Dulwich Public Baths

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Dulwich Public Baths
Dulwich Public Baths January 2010.jpg
2010, being refurbished
Coordinates: 51°27′40″N 0°04′20″W / 51.460977°N 0.072284°W / 51.460977; -0.072284
Address 2b Crystal Palace Road, London
Postcode SE22 9HB
Opened 25 June 1892
Operator Fusion
Architect Spalding & Cross
Website Official website
Facilities
Gym, crèche, swimming pool

Dulwich Public Baths (Dulwich Leisure Centre) was opened in 1892, making it London's oldest public baths in continuous operation.[1] It is based in Dulwich, South London, England.

Description[edit]

The original sign of "Dulwich Public Baths" is on the front of the building though there has been significant, if sympathetic, redevelopment inside. There are two original entrances on the front separating men and women. The entrance is raised using steps up to the main doors in order to provide a high basement where a laundry was originally in operation.[2]

The main pool was boarded over in 1982 (now the main gym area) leaving the second pool still in operation.

History[edit]

Dulwich Baths in 1896.[3]

The Baths opened to the public on 25 June 1892.[4] Dulwich was the first baths of seven baths designed by Spalding & Cross.[2] The foundation stone was put in place in September 1891 but due to various delays including changes to drainage plans and a union dispute over the quality of lime being used in the concrete, on analysis found to be up to standard, the opening was not until well into the following year.[5]

Charges were 6d for a 1st class swim and 2d for 2nd class (class being the choice between the main and second pools) with charges for schools varying between 3d to 1d depending on the agreement with each school. The basic swimming charge was to stay at 6d until 1957.[6]

The Baths were available for hire for various functions including dances, indoor sports and functions.[7]

First World War[edit]

The baths were closed in 1914 for hospital and Red Cross work during World War I. The War Refugees Committee were allowed to use it for housing Belgian refugees. In 1915 the baths briefly return to public use but were then allocated for use of the Camberwell Gun Brigades (33rd Divisional Artillery). The Brigade vacated in July 1915 and the baths then were used for troop accommodation and housed two brigades of the Territorial Artillery from September 1915. Public swimming resumed in 1917. The baths were used as an unofficial shelter throughout the frequent air raids of 1917 and the Council installed red and green lights to show "take cover" and "all clear" in addition to the sirens.[8]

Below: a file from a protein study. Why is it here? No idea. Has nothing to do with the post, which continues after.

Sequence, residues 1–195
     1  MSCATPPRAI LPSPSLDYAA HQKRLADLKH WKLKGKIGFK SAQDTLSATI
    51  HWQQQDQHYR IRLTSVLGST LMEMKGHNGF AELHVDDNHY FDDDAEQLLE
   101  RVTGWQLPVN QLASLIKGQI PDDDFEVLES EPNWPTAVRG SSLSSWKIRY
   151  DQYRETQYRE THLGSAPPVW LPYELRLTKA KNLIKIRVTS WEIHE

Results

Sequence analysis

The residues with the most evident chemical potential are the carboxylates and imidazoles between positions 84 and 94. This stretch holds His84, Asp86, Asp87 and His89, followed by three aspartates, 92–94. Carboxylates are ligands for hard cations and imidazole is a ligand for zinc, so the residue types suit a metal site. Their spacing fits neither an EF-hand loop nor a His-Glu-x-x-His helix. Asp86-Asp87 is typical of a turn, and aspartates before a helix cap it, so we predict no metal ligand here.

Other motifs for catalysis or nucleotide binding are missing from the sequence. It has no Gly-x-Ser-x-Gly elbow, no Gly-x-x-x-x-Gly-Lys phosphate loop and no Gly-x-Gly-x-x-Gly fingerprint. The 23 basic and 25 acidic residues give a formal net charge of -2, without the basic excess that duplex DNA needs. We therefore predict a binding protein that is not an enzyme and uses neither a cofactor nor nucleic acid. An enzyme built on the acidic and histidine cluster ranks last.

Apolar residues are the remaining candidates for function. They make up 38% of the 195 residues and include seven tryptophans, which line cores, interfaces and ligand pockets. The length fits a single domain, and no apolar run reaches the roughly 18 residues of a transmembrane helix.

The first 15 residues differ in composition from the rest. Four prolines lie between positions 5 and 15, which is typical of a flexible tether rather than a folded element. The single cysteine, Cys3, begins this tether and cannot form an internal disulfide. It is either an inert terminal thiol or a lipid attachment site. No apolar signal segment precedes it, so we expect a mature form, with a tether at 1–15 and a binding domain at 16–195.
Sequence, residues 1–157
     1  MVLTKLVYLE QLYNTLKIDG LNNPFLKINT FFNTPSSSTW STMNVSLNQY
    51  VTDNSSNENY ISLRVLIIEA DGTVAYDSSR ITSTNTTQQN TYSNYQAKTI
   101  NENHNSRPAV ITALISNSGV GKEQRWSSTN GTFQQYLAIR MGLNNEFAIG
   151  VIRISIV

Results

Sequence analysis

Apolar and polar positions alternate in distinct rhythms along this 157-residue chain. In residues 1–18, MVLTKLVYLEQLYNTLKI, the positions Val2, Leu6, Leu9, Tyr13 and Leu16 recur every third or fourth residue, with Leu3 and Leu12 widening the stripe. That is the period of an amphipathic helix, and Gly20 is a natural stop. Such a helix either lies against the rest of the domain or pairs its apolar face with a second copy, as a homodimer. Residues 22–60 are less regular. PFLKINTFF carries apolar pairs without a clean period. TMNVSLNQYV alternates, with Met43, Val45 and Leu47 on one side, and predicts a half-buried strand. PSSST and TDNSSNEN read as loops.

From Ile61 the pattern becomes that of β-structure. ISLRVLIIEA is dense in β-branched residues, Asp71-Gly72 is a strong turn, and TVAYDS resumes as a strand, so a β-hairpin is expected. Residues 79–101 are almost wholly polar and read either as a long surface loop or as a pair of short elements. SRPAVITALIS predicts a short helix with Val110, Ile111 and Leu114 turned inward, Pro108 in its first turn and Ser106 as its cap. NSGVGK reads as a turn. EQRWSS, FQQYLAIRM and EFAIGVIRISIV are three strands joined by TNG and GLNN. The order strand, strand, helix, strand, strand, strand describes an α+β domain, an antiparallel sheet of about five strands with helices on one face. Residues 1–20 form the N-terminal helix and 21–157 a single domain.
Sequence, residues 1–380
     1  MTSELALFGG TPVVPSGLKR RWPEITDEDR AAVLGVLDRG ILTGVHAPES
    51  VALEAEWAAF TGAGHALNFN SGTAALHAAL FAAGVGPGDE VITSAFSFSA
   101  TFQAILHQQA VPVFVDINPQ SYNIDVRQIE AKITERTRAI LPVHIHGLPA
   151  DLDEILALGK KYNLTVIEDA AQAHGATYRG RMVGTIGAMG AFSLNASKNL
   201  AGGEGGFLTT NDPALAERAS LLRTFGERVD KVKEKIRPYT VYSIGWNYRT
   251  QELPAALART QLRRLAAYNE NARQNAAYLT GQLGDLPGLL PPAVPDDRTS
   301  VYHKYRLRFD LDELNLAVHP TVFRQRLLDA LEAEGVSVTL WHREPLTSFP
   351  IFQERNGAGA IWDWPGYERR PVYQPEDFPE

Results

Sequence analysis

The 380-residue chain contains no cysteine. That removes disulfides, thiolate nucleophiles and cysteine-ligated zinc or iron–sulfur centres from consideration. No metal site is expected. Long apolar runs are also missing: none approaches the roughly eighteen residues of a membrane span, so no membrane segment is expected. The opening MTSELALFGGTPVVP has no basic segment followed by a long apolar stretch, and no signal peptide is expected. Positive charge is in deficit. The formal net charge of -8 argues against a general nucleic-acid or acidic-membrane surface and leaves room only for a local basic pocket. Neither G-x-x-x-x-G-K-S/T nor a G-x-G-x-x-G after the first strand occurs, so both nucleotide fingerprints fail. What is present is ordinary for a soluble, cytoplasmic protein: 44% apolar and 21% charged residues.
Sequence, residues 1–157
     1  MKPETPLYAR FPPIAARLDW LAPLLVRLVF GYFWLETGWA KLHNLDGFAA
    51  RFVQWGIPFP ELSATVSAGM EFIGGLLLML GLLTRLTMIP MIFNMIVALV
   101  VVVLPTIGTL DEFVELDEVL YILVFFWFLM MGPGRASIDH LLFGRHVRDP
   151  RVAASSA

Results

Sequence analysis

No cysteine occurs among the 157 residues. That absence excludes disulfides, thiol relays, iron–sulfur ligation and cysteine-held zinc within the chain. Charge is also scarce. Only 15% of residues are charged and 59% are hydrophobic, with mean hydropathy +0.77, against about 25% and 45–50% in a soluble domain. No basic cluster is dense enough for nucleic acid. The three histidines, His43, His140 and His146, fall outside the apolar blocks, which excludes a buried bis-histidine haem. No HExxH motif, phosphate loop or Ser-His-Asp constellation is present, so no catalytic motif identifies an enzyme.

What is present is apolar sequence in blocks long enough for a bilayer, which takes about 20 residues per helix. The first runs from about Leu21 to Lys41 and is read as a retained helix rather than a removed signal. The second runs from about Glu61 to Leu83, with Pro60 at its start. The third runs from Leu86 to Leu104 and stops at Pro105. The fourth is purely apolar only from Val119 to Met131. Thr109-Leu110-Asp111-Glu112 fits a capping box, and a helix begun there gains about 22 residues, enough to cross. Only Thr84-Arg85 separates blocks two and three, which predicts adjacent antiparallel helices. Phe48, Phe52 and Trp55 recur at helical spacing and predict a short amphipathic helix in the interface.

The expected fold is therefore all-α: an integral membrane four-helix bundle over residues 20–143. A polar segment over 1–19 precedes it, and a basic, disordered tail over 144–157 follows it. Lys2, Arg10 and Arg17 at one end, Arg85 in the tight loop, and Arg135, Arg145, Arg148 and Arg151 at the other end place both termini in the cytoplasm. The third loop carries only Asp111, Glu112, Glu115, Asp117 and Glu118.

Inter-war period[edit]

In 1937 two rinks for indoor bowling were introduced. Players were charged 6d an hour, or a rink could be reserved for 4s an hour.[9]

Second World War[edit]

Location map for East Dulwich Baths.

War preparations in 1938–39 before World War II included laying floors over both swimming pools for use as First Aid posts and medical stores and equipment were brought in.

The fuel shortage in late 1939 led to the pool being closed over winter. In 1940 the pools were again planned to close for the winter but the Auxiliary Fire Service asked for the pool to be kept full for use when dealing with air raid damage. The Council decided to keep the pools open as a result and adapted the pools for Fire Brigade pumps.[10]

A shortage of towels during war-time with an increase in wastage, suspected to be partly due to theft, led to a 5s deposit per towel.[11]

Post war[edit]

On 13 March 1946, the Council decided to allow mixed bathing in all the Borough's pools.[12]

From 1945, the dances resumed with a number of popular bands playing at the Baths including the Ted Heath Band and Bert Gutsall and his Orchestra.[12] The Baths' grand piano was replaced in 1949 with a second hand Welmar boudoir grand. In 1950, the Council promoted official 'Carnival' dances for Christmas Eve, New Year's Eve, and St Patrick's Day, with numbers limited to 550 at a function.[13]

Modern refurbishment[edit]

In the 1990s, the Friends of Dulwich Baths lobbied Southwark Council for repairs and £250,000 was invested in various re-developments including removing the women's slipper baths.[14] In 2007, a full renovation plan of £5 million was agreed with Fusion taking over operation of the building as a leisure complex.[2][15]

From May 2009, the £6.2 million redevelopment (revised budget) started on site necessitating the closure of the pool and a temporary gym. The refurbishment finally completed 25 June 2011 having taken 5 years from start to finish.[16] The formal reopening event was attended by local MP Tessa Jowell and East Dulwich councillor James Barber

Main swimming pool, reopened in September 2010. 
New changing rooms fittings, September 2010. 

See also[edit]

Footnotes[edit]

  1. ^ Dulwich Public Baths opened 3 months before Camberwell, the second oldest public baths.
  2. ^ a b c Gordon & Inglis 2009
  3. ^ Print owned by Southwark Council reference PC 1725.
  4. ^ "Court Circular". The Times. 25 June 1892. p. 13.  External link in |newspaper= (help)
  5. ^ Bird 1993, pp. 13–14
  6. ^ Bird 1993, pp. 18,32
  7. ^ Bird 1993, pp. 27
  8. ^ Bird 1993, pp. 24–25
  9. ^ Bird, p. 28
  10. ^ Bird 1993, p. 29
  11. ^ Bird 1993, p. 30
  12. ^ a b Bird 1993, p. 31
  13. ^ Bird 1993, p. 32
  14. ^ Slipper baths were bath tubs in a similar shape to a slipper, slowing the rate of cooling of hot water and considered to protect the modesty of the bather. See victorianturkishbath.org
  15. ^ David Yuill (15 May 2009). "All Systems Go on Leisure Centre". Southwark News. 
  16. ^ "Dulwich Redevelopment". Fusion. May 2010. 

References[edit]

  • Bird, Polly (1993), Making a Splash; The History of Dulwich Baths, Spencer Mills, ISBN 0-9521637-0-5 
  • Gordon, Ian; Inglis, Simon (2009), Great lengths: the historic indoor swimming pools of Britain, English Heritage, ISBN 978-1-905624-52-2